What small businesses can learn from Woolworths’ business failure

The contraction of the retail sector has presented problems for a wide range of businesses. Woolworths, that most talismanic of British chains, felt the strain perhaps the most acutely and has ceased to trade altogether. Many others are scaling back their ranges, reining in spending, and concentrating on evergreen product lines that they believe will offer steady, predictable returns.

Retail opportunities for SMEs and how to make the most of them

It is easy to be overwhelmed by the constant torrent of disastrous figures in papers and on the news. However, it is important to remember that the retail sector is not dying. Rather, the economy as a whole is going through a trough in its cycle. When a company cuts back or fails altogether, this is obviously unpleasant for those involved. However, these events also represent an opportunity for enterprising, agile small and medium sized businesses (SMEs) willing to take on a challenge and hungry for new revenue streams.

Take Woolworths as an example. Just two years ago the retailer had an annual turnover of £2.7 billion. This is now an open revenue stream - a stream which smaller retailers should be looking to direct their way. Woolworths satisfied a number of consumer needs; where else, for example, can you pick up machine dye on the high street? Exactly. These needs still exist, and consumers are looking for new providers.

Established retailers will leave behind a massive market niche if they fail, or if they choose to stop offering certain lines. It is up to smaller businessses to fill these niches. SMEs are particularly well placed to perform this task; in contrast to huge lumbering corporations, managers at a well-run SME will frequently be the key decision-makers - because they will frequently be the business owners. This means that small businesses can move and adapt quickly to seize new business opportunities.

There are a few key steps to consider in order to minimise the risk of missing a valuable retail opportunity.

Learn to spot a genuine opportunity

Before deciding whether or not an opportunity is worth pursuing, you need to be able to assess whether or not it is actually an opportunity at all. Why does this niche exist in the first place? Or, perhaps more pertinently, why has the existing provider failed?

There are a number of potential reasons for a retailer’s failure. It is possible that the company was simply inefficient, and lacked the management skill necessary to maintain a viable business. It may also have failed due to reasons beyond its control, but not related to the quality of its products. Consider the fate of entertainment retailer Zavvi. It was forced into administration as a result of the Woolworths collapse, as Woolies owned its biggest distributor. Zavvi was not selling an inferior product to that offered by, for example, HMV (although many would suggest that their pricing was unrealistic); ultimately, they failed as a result of events against which they could not possibly legislate.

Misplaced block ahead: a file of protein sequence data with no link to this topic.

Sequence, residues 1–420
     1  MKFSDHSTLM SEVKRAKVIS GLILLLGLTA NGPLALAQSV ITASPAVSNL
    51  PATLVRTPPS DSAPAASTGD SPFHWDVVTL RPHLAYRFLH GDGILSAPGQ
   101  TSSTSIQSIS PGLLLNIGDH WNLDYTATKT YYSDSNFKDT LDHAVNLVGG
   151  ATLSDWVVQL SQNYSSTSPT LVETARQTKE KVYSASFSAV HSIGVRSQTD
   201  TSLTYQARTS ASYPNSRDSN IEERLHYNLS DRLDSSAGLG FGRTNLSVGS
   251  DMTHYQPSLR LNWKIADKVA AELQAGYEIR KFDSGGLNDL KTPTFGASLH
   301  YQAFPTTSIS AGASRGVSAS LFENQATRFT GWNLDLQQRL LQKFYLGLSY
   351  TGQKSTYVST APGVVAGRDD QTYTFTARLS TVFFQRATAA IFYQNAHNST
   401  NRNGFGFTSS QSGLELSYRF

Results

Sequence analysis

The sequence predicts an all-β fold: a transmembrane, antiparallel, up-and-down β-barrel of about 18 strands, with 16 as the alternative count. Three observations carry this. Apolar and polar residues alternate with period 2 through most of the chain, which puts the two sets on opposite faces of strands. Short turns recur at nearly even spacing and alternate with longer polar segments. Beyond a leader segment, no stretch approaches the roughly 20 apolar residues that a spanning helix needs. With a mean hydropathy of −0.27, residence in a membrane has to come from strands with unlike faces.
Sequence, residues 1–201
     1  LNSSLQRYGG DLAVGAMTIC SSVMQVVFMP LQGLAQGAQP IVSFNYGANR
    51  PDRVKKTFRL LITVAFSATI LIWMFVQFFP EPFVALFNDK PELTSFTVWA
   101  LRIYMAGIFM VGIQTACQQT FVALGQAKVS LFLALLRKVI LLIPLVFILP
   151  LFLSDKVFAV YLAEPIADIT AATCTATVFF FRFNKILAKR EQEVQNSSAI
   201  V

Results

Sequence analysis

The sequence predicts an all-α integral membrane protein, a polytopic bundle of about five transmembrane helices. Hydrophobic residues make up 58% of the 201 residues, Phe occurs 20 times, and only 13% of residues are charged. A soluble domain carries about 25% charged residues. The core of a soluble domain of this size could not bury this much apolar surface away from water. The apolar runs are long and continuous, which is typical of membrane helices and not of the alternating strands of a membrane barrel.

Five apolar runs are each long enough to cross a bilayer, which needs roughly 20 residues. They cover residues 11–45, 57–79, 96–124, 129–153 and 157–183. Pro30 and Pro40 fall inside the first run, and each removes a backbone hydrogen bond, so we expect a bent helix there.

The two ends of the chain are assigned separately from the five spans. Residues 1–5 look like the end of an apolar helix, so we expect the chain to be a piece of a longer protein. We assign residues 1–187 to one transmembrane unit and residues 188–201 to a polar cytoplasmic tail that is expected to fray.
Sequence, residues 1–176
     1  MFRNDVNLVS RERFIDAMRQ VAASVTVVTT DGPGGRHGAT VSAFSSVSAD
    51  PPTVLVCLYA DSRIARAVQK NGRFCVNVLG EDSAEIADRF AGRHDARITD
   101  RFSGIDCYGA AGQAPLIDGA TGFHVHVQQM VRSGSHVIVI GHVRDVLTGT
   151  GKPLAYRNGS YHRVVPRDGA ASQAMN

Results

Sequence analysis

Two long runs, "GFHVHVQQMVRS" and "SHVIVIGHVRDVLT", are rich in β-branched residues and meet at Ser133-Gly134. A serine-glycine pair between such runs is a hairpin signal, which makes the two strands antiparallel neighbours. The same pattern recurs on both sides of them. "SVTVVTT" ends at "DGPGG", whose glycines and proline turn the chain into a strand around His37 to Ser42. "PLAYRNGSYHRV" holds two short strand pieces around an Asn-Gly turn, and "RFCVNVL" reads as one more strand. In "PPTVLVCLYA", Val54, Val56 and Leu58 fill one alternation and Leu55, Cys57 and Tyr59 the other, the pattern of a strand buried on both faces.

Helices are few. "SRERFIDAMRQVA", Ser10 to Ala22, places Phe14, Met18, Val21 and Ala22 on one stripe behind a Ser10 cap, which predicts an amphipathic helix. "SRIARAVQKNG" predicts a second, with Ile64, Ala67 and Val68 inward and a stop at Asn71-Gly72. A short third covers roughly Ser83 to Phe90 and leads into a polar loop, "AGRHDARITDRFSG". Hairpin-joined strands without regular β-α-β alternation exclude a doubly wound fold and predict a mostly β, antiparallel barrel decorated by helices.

It is vital that you are able to spot when a provider has collapsed through sheer lack of consumer demand. These are the cases that do not represent real opportunities. A retail business relies on sales, and if there is no consumer demand, you too will fail. On the other hand, if the previous provider collapsed as a result of inefficiencies or mismanagement, and there is a proven market being left behind, you might well be on to a winner.

Make preparations to move quickly

Starting now, you should look carefully at the structure of your organisation. How streamlined is your business? Can you make assessments and decisions quickly and effectively? If not, why not? A Woolworths in Balham has already been replaced by a 99p store, a mere three weeks after its closure. The 99p store is selling virtually the same stock as was offered by Woolworths, meaning that it has identified a genuine opportunity, decided to pursue it, and taken the necessary steps to secure the potential revenue stream in less than twenty-five days. You must ensure that your business is in a position to do this, even if it is on a much smaller scale.

Expansion and acquisition will obviously require cash. As such, you should ensure that you have a scalable finance solution available to you in advance, ready to be drawn on when a suitable opportunity arises. Factoring and other forms of asset based finance can be particularly effective for the purposes of expansion; if you are interested in this type of finance, you should ensure that you have a sound relationship with a provider before you actually need to call on them.

Be prepared for a fight

If you have identified a genuine opportunity, there is a high chance that a competitor, or, indeed, a larger retailer, will be looking to fill the same niche. If you have done the necessary groundwork, there is no reason why you shouldn’t be first to seize on this new opportunity. However, holding onto your revenue stream could well be a struggle, particularly if you are faced with competition from a much larger organisation.

In order to minimise this risk you should find your unique selling point. Consider what it is that draws customers to your business, and build on this. You should also concentrate on providing as high a level of customer service as possible; this is frequently lacking in larger organisations, and can be the key to customer retention for SMEs.

The current downturn is making life very difficult for some retailers, and will continue to do so for some time yet. However, while many companies are feeling the strain, others are able to flourish in challenging market conditions. Making sure that you can identify and capitalise on new opportunities will help your business thrive while others flounder, and will ensure that you are on the front foot when the economic skies clear.

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